Unlike some mainstream IT companies who have recently entered the bioinformatics market, Endeca isn’t aggressively seeking business in the sector. In fact, the Cambridge, Mass.-based search engine developer said it’s got plenty of work providing the navigation architecture that supports the online catalogs of Tower Records and other clients.
But Pete Bell, product marketing manager for Endeca’s Guided Navigation solution, said the company’s location “in the heart of bioinformatics land” led a number of local universities and biotech companies familiar with Endeca’s technology directly to its doorstep.
Endeca recently signed a deal with the chemical engineering department at Massachusetts Institute of Technology to deploy a custom solution for microarray analysis. The company’s Guided Navigation technology will be modified to combine data from microarray experiments with data from SwissProt and GenBank. Endeca has also been working with “a Harvard-affiliated cancer research center” on microarray analysis solutions.
Acknowledging that the online catalog business is a “far cry” from bioinformatics, Bell noted that each field presents the same challenge of extracting valuable information from large amounts of structured and unstructured data. “One approach is data mining — clustering and statistical analysis. Another option is to give ad hoc access to the data. Our product is in the latter category,” said Bell.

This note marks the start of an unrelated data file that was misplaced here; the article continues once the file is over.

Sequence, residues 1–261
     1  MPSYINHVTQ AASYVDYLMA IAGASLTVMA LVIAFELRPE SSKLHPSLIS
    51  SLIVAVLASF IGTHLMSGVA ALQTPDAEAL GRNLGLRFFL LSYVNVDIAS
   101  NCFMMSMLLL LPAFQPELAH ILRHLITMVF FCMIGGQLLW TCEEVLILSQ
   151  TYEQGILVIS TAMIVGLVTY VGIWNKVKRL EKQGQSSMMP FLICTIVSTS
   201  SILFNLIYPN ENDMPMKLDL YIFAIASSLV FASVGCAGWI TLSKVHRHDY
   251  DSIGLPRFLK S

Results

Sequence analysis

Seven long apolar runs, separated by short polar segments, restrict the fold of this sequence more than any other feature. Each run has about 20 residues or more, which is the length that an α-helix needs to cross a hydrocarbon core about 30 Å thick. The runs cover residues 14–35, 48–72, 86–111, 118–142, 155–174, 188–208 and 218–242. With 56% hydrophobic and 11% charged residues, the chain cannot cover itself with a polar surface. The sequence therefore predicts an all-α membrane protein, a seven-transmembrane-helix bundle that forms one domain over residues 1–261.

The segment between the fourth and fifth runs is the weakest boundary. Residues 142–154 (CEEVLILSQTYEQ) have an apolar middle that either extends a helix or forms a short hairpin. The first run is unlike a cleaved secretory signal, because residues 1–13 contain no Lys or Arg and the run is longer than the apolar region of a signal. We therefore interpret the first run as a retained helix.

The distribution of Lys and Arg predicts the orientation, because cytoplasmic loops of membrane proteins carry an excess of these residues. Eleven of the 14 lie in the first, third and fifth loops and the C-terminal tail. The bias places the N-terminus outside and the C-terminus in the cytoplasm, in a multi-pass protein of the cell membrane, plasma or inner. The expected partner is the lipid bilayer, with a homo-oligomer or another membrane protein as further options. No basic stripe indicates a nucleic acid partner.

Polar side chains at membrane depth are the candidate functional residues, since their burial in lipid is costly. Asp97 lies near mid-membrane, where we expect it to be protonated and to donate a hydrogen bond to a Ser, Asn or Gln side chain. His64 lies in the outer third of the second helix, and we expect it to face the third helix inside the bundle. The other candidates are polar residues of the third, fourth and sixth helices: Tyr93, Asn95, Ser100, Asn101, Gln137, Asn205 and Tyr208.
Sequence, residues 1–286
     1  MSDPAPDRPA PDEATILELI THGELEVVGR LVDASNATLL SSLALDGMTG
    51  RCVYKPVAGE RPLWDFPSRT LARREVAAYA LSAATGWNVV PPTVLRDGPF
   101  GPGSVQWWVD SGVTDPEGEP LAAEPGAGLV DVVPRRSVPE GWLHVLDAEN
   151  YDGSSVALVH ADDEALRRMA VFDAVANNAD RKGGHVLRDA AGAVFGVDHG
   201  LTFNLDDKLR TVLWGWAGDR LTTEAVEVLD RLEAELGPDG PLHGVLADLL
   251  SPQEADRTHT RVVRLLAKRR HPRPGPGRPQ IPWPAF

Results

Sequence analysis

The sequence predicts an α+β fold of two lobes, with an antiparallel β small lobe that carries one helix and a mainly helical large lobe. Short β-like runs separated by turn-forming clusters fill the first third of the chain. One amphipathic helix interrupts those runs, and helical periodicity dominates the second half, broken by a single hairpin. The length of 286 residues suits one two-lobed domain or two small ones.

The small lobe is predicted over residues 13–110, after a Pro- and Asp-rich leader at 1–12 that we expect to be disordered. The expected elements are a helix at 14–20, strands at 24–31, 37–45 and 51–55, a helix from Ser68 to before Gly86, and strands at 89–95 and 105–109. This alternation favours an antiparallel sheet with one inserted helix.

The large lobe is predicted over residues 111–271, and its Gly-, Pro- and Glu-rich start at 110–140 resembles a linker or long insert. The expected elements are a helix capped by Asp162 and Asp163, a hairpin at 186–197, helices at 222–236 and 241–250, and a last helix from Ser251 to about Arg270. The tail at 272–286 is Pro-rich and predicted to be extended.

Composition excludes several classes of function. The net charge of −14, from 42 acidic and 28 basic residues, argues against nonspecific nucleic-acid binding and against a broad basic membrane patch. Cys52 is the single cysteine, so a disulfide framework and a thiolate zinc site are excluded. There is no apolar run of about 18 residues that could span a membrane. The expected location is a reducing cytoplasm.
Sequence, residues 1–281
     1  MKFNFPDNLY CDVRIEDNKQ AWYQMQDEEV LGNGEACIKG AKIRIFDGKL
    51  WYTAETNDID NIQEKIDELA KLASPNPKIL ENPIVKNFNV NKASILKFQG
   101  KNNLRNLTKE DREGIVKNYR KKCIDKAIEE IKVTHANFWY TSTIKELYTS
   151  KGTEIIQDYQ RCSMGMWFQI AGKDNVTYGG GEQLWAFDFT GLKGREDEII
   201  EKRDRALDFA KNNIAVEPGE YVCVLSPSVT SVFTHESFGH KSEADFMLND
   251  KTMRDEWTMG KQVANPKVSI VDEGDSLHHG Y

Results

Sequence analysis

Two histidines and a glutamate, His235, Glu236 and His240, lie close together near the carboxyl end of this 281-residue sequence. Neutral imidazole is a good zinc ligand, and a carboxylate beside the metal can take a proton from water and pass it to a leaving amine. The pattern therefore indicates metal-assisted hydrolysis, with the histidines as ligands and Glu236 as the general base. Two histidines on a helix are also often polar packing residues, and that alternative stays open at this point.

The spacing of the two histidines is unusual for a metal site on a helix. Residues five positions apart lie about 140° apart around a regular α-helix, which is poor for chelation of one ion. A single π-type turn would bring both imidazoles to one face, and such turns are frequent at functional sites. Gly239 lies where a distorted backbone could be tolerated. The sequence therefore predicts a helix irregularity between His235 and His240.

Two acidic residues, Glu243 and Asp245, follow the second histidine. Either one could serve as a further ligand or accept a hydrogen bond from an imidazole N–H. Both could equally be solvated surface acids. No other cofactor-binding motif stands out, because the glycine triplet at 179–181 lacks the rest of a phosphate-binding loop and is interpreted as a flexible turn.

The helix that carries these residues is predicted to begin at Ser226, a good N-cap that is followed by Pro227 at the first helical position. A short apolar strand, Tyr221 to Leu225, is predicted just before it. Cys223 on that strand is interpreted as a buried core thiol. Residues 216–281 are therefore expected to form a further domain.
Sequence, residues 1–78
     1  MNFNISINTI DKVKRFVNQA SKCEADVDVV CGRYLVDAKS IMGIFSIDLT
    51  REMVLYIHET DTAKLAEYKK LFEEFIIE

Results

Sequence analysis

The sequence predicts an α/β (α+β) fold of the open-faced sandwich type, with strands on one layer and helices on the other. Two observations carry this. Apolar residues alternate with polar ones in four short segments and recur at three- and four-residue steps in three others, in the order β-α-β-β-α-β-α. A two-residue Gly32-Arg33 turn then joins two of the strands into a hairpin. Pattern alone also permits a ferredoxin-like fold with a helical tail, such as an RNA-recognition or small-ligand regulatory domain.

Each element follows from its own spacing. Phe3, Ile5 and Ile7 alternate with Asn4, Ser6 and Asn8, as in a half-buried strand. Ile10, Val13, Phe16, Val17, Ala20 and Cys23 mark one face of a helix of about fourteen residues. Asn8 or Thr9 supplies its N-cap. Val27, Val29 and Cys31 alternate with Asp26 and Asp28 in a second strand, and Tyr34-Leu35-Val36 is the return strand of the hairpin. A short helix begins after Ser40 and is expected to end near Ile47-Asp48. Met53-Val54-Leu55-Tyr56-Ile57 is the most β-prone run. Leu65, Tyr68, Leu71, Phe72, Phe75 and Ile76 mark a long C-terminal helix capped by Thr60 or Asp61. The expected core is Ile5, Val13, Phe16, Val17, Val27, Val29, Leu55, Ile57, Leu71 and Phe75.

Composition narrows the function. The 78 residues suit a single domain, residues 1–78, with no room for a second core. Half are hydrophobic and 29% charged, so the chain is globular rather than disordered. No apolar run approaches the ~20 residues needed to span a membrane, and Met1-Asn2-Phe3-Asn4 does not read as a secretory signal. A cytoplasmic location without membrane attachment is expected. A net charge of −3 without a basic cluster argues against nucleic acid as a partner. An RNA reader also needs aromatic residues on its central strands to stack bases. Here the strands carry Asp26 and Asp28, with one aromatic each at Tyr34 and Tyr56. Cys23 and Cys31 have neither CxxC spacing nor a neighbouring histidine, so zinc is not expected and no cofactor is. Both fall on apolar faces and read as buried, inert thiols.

Vinay Mohta, a senior scientist at Endeca, said the company’s technology is especially well-suited for the high-dimensional data encountered in bioinformatics. Rather than providing a list of keyword-based hits like most search engines, Mohta said the Guided Navigation approach is able to compute all the dimensions in a data set in real time in order to index all possible relationships within the data. Once the data is indexed once, he said, querying across massive data sets is faster and more productive.
Endeca is also developing data mining tools to complement its navigation technology. Daniel Tunkelang, a senior scientist at the company, recently delivered a paper on a clustering algorithm using the relationship-based approach that drives Endeca’s navigation technology at the SIAM International Conference on Data Mining in Arlington, Va., April 13. The data mining tools are “exploratory work,” Tunkelang said, but noted that his talk generated a great deal of interest from biotech companies in attendance.
While Endeca has no plans to get out of the online catalog business, Bell said that “based on the number of queries that we’re getting,” bioinformatics will most likely make up a growing segment of its business in the future.